I provided renderings for an interesting and somewhat controversial project in Telluride. I was retained to provide visualizations for a team working on behalf of a concerned neighboring property owner. The renderings were presented at the Historic Architectural Review Commission (HARC) April 2015 public meeting. The renderings show how the proposed additions and development of the historic property would appear per the project architects submitted plans.
The property is of uniquely valuable and intact historic significance. It is one of only several properties in the Telluride National Historic Landmark – Historic District that are eligible to be awarded Landmark status, the highest and most significant historic designation possible.
I provided an explanation with backup material that showed how the renderings are constructed and matched into the site photographs. This verified the accuracy and assured that no mis representation of the plan was being presented. Following is the narrative and backup illustrations that I provided:
I have prepared the renderings based on the available plans. All effort was made to match the plans as accurately as possible. No effort was made to present or produce the renderings to be skewed either for or against the proposed project. All effort was made to provide renderings that accurately represent the available plans as best as possible.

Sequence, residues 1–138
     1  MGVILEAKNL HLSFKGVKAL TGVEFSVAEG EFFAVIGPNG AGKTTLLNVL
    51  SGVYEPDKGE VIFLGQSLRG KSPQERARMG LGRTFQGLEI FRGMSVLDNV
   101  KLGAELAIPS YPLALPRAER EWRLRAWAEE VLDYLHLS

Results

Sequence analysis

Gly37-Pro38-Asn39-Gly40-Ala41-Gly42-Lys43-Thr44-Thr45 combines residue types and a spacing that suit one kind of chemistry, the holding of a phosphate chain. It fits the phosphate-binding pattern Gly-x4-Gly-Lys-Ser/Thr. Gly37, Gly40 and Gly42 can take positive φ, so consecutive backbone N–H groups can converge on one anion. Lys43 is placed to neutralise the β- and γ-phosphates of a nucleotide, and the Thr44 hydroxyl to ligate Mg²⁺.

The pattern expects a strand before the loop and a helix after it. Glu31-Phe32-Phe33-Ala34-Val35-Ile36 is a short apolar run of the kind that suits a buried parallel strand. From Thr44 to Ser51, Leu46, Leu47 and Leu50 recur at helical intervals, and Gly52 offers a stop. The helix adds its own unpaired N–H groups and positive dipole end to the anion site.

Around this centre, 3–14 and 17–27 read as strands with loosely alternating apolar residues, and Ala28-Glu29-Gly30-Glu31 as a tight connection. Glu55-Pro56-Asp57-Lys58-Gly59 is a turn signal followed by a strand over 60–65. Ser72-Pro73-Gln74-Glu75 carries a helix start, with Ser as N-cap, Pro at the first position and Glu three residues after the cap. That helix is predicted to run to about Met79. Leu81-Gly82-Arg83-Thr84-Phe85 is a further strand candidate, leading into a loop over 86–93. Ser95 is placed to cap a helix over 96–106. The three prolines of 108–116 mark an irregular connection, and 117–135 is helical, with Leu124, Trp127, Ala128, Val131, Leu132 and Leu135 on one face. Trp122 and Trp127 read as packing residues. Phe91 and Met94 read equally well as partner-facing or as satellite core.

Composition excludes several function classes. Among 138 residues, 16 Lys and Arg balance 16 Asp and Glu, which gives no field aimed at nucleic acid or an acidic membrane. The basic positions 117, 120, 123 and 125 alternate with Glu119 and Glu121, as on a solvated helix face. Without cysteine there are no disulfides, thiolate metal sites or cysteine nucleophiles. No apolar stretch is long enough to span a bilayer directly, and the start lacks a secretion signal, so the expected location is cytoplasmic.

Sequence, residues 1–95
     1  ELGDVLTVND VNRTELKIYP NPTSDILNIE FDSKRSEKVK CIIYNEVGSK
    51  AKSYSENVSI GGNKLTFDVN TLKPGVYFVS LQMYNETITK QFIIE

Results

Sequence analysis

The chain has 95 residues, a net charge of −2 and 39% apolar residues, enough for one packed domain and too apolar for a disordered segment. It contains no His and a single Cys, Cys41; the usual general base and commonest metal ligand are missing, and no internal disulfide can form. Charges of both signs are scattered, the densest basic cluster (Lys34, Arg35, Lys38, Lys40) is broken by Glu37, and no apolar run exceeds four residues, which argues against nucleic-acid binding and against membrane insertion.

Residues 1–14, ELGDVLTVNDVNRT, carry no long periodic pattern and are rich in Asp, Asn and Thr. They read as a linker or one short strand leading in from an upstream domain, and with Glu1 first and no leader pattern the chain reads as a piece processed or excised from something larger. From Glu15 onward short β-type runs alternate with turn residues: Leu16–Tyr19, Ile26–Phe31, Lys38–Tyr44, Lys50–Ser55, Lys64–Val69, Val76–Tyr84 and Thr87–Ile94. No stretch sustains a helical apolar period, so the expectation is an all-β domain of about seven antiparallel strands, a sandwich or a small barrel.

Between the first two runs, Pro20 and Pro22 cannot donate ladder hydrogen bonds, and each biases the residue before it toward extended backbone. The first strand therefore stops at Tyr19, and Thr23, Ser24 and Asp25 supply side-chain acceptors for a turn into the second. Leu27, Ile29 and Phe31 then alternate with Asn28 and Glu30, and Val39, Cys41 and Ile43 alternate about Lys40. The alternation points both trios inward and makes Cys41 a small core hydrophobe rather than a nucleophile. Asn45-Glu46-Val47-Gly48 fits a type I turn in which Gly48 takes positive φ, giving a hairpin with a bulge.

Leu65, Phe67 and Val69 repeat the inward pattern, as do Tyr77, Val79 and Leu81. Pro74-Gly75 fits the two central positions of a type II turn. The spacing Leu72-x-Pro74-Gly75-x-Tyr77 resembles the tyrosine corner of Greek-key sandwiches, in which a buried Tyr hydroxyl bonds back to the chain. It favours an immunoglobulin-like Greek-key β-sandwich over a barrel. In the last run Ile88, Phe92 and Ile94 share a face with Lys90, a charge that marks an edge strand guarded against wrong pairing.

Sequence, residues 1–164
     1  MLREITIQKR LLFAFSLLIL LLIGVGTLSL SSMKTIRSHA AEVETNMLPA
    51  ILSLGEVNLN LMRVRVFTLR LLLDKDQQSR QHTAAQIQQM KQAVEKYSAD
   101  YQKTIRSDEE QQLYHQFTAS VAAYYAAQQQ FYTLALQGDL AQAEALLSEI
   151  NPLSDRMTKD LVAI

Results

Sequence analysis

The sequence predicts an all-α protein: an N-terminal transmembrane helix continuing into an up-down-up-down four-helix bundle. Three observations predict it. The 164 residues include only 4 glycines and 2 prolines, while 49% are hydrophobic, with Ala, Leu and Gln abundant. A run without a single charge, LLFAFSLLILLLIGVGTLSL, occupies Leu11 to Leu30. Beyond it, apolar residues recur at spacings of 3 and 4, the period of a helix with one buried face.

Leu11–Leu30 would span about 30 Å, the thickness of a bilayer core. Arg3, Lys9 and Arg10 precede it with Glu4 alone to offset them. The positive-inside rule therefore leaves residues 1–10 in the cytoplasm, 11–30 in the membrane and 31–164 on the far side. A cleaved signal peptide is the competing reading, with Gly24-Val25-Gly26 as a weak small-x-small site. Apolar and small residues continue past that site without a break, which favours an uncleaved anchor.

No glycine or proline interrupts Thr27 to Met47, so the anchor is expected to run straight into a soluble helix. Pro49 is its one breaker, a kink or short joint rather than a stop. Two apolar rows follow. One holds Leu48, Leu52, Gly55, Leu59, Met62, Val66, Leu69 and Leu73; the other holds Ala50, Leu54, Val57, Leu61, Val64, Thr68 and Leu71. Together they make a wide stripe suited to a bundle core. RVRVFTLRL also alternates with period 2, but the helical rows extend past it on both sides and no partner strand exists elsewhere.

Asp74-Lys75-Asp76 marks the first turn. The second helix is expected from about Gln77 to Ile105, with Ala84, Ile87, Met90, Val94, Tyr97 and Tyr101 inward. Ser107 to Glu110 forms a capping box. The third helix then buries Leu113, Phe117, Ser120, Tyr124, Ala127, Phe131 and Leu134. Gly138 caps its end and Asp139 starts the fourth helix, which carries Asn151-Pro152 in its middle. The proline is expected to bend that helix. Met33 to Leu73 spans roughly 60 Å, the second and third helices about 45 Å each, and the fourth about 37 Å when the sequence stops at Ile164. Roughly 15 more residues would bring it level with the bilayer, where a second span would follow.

I utilized Autodesk 3D Studio Max Design 2015 to produce the renderings. Autodesk is the industry standard CAD software producer with 85% of the CAD market world wide. As the basis for my work I typically import AutoCAD drawings, Revit models Sketchup models and any other CAD based files that are made available for a project. If CAD files are not available I import printed drawings in PDF form. Since CAD files were not made available, I used the HARC submital PDF drawings as the basis for these renderings.
The architectural PDF plans are imported into the CAD software (3D Studio Max Design 2015). The plans are sized so they match the real world dimensions shown on the plans. The imported plan and elevation drawings are used as templates and the existing structures and the proposed construction are modeled to match the plans.
I photographed the site from specified locations view 1, 2, 3 and 4. I use a specific camera lens focal length. 43mm is most like human magnification. Objects appear the same size and distance looking thru the camera lens as they do to the naked eye. 5 mm either side of 43 mm is the acceptable range. Wider angle or more zoom causes change of perception of size and distance.
I survey my photo locations and elevations and enter those into 3D Studio. I create a virtual camera that matches the position , elevation and focal length used to take the photograph. If the models of the existing reference structures correctly align with their respective locations in the photograph that verifies the perspective match.
Click thru the slideshow below for a series of screen grabs that depict the imported plans and process within 3D Studio Max: